The US Office of Financial Research (OFR) has bagged another advisor in addition to recent Treasury appointee and ex-Morgan Stanley economist Richard Berner in the form of chief data officer (CDO) for the Markets Group at the New York Federal Reserve John Bottega. Bottega, who joined the Fed as CDO back in 2009 and is headlining at next week’s A-Team Group Data Management for Risk, Analytics and Valuations (DMRAV) conference in New York, has been seconded by the US Treasury as the senior advisor to the director of the OFR.
Bottega explains to Reference Data Review that his role at the OFR is to take responsibility for assisting the new Treasury agency in setting up its data management function, which it refers to as its “data centre”. He elaborates: “In this role, I will be spending part of my time in Washington and the rest of my time in NY, continuing my full responsibilities at the NY Fed. This is an exciting opportunity for me and a way to assist this important effort.”
He will be sharing his insights into his new role and discussing the data management challenges of the Dodd Frank Act with fellow panellists: Shaun Brady, principal at government advisory body Mitre (who has also been involved in work around the OFR); Citisoft director Ben Keeler; and Thomson Reuters’ recent data focused recruit to the Enterprise team Tim Lind.
Of course, Bottega is no stranger to the standardisation challenges faced by the data management teams of large financial institutions: he spent three years as Citi’s Institutional Client Group’s CDO. In fact, his appointment as CDO for the firm represented the first time a financial institution had created a c-level data executive position: a significant achievement indeed.
Bottega has also been a stalwart campaigner for the reference data function over the last 25 years and has been heavily involved in the work of data industry association the EDM Council.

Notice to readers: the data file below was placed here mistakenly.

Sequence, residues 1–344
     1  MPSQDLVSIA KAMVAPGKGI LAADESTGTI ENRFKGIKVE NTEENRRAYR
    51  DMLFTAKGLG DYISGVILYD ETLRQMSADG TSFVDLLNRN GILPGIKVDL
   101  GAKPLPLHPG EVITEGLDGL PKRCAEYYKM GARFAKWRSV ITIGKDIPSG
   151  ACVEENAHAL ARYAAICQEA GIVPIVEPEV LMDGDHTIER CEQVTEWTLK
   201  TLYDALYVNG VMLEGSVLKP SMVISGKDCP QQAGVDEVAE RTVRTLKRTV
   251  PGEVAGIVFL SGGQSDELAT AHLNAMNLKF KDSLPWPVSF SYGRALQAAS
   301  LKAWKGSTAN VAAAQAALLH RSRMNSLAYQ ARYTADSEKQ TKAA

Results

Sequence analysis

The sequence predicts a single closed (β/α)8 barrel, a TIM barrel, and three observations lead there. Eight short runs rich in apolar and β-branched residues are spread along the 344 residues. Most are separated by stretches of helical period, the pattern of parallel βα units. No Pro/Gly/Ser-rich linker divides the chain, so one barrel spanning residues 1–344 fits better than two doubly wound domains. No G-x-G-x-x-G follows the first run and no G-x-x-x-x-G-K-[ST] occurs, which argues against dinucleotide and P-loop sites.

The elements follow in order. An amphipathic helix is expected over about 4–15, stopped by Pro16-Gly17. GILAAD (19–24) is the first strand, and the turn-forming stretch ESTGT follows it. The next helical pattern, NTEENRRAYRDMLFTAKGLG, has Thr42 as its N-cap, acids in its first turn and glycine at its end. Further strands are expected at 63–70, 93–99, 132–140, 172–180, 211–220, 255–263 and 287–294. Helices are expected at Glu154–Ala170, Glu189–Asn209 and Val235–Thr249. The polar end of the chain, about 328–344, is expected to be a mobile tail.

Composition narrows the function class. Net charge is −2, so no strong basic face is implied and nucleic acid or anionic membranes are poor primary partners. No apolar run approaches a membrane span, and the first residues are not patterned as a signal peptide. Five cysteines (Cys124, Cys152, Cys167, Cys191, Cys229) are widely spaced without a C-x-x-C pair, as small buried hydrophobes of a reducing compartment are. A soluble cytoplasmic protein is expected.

In terms of his hands on data management experience, at Citi Bottega was responsible for planning and managing the division’s data strategy, policies, line functions and data investments and working closely with Citi’s Global Infrastructure Conversion and Alignment Program (GICAP) team, Corporate and Investment Banking (CIB) Technology and the CIB Data Council.
Prior to this, he worked for financial institutions including Credit Suisse, Merrill Lynch and Lehman Brothers. At Credit Suisse First Boston, he headed up a global team within the Strategic Core Services Division, which was responsible for the acquisition, storage, management and dissemination of product and price reference data.
Before Credit Suisse, Bottega worked at Merrill Lynch, where he served as product manager for the firm’s Product Master Environment, responsible for the development of specifications, design and strategic planning for the firm’s reference data service solutions.
The Treasury is no doubt hoping that Berner’s expertise in economic theory will marry well with Bottega’s practical experience in the data management field in order to provide a solid foundation on which to build the new agency’s capabilities. After all, as noted by Mitre’s Brady back in February, a lot is riding on the appointment of the right team to lead the agency. “If the right approach is not taken, it could kill the chances of the OFR,” he told Reference Data Review.
Given that the industry has just published its preliminary feedback and recommendations for the fundamentals of a legal entity identification standard, Bottega and Berner have a lot to be getting on with at the outset.
In the spirit of fostering wider industry dialogue on the subject, and if you can’t make it down to DMRAV on 17 May and want to make sure certain questions are posed to the panel, write in with your suggestions. Also, don’t forget to follow the event on twitter with hashtag: #DMRAV
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